Hackman’s New Plan for Television City Has Less Office


Hackman Capital Partners (HCP) is reducing the size of its large-scale redevelopment of the historic Television City studios in Los Angeles by nixing an office building from the plans.

The Culver City-based firm announced Thursday that it’s cutting 150,000 square feet of office by removing a 15-story tower from the plans, and also lowering building heights across the project. The plans still call for the addition of nine new soundstages — while demolishing two, and preserving the four original stages built in 1952 — as well as a different 15-story office building, and new public shops and restaurants.

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The studio landlord and developer hopes to get approval from the city for the studio expansion by the fourth quarter of this year.

HCP acquired the cultural landmark at the corner of West Beverly Boulevard and Fairfax Avenue for about $750 million in 2018. The studio and production campus houses about 750,000 square feet of stage, office, broadcasting and support space that has been the home to generational programs from “The Price is Right” and “All in the Family” to “American Idol” and “Real Time With Bill Maher.”

The 25-acre property at 7800-7860 West Beverly Boulevard is in L.A.’s Fairfax District, notably near the Original Farmers Market and The Grove shopping center.

HCP first filed plans in 2021 for what was estimated to be a $1.25 billion project. The company said the new changes were due to input from stakeholders in the community following a five-year outreach campaign, and direction from City Councilwoman Katy Yaroslavsky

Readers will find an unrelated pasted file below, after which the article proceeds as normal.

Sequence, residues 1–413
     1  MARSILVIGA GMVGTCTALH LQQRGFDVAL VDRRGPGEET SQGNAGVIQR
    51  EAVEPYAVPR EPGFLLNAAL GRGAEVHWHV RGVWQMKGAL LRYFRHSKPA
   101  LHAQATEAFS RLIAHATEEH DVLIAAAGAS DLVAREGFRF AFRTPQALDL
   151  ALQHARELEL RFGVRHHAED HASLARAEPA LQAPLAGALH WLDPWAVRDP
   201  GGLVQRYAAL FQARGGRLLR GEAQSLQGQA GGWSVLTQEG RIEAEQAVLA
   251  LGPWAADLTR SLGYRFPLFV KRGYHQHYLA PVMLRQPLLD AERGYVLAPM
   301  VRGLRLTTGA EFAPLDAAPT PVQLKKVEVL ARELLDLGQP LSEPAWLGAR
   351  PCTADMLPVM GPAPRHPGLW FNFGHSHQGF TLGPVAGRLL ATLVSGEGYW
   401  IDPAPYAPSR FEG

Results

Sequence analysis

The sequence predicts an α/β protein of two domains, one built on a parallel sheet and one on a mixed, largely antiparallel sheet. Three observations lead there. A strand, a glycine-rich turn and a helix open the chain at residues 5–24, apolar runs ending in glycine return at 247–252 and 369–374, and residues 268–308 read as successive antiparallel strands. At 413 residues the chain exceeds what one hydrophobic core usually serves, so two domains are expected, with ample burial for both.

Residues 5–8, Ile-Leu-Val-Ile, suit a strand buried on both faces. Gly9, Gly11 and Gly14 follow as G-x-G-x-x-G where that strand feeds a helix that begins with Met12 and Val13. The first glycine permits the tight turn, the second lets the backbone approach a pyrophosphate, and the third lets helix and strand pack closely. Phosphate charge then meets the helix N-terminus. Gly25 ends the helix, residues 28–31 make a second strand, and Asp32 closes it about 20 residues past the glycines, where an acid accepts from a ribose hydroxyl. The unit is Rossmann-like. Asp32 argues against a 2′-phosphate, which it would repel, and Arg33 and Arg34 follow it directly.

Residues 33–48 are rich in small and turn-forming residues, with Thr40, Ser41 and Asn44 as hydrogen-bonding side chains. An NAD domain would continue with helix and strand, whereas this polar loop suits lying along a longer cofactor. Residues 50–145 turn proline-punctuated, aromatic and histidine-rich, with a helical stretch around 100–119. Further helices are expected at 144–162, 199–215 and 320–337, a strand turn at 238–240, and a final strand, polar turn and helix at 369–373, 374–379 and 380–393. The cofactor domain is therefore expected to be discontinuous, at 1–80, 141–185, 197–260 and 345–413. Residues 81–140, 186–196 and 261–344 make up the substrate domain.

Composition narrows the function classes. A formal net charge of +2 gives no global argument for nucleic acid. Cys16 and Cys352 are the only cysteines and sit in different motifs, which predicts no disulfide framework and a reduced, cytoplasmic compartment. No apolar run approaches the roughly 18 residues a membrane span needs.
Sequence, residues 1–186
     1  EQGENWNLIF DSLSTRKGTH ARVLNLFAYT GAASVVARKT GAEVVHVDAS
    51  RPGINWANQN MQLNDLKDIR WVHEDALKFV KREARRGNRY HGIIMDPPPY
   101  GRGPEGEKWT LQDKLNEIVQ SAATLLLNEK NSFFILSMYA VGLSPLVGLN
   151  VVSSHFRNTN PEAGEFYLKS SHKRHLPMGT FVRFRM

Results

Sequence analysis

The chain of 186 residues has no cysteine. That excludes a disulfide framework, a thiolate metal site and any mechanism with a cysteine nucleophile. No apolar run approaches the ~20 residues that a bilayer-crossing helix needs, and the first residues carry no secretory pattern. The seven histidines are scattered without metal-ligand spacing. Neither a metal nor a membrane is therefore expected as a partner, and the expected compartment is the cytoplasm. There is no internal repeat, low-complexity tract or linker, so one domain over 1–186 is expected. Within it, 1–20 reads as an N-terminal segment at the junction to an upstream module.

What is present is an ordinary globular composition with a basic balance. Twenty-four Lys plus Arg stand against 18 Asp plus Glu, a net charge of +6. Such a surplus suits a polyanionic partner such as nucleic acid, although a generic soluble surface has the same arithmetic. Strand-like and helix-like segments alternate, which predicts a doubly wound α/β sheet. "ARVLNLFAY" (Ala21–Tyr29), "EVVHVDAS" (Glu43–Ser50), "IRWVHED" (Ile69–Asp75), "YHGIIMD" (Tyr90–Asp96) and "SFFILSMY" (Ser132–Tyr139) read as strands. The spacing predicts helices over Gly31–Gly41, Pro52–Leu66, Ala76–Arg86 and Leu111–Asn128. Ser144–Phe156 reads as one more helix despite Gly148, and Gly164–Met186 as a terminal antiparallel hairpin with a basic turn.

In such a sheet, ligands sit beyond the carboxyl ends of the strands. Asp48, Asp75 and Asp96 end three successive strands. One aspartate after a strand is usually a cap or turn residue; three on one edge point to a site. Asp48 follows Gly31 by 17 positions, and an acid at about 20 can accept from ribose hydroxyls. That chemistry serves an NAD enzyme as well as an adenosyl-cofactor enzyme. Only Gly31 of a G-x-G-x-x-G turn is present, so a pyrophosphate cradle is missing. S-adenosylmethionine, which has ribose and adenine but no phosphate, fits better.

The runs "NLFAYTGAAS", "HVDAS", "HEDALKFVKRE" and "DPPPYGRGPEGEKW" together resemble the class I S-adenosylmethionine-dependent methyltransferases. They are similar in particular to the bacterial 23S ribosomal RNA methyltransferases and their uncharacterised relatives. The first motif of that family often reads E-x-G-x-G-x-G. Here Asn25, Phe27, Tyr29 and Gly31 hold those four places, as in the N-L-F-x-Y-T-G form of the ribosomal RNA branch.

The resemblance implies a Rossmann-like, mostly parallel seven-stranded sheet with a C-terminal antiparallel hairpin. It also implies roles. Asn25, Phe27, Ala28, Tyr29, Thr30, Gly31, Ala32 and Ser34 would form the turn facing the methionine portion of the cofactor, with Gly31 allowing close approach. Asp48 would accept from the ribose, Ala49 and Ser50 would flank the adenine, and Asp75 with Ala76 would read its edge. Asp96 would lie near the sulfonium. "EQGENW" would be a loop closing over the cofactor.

“Television City is committed to being a good neighbor for the long term, which starts with listening,” Michael Hackman, HCP founder and CEO, said in a statement. “Our investment will preserve this iconic studio and transform it into Los Angeles’ first all-electric production facility, create good-paying jobs close to where individuals and families live, and improve the quality of life and safety of residents and businesses in the Beverly/Fairfax community.”

Foster + Partners, Adamson Associates and RIOS are designing the updated project.

“The [redevelopment project] strikes a good balance between protecting its Historic Cultural Monument status and implementing a much-needed modernization — all while restoring views of its signature red awning to Beverly Boulevard,” added Adrian Scott Fine, president and CEO of the Los Angeles Conservancy.

The L.A. Times reported the revised plans first.

L.A. has seen a surge in proposed studio developments amid the competitive streaming wars in Hollywood, but more recently the industry was shaken by historic labor strikes in 2023 that derailed filming activity, and it has taken longer than expected to get back up and running.

“We’re still emerging from a once-in-a-generation dual strike,” Hackman told the Times. “And the production stoppage cost Angelenos approximately $6.5 billion or more in lost wages and economic activity, which makes it clear how important this industry is to our city, and especially the people who work in entertainment every day.”

He added that tenants tell them they want to stay in Los Angeles. 

“We have the best crews in the world here, but we don’t have enough modern soundstages in premier locations,” Hackman said. “We also have to push the state on tax incentives so that we don’t lose business outside of the city.”

Gregory Cornfield can be reached at gcornfield@commercialobserver.com.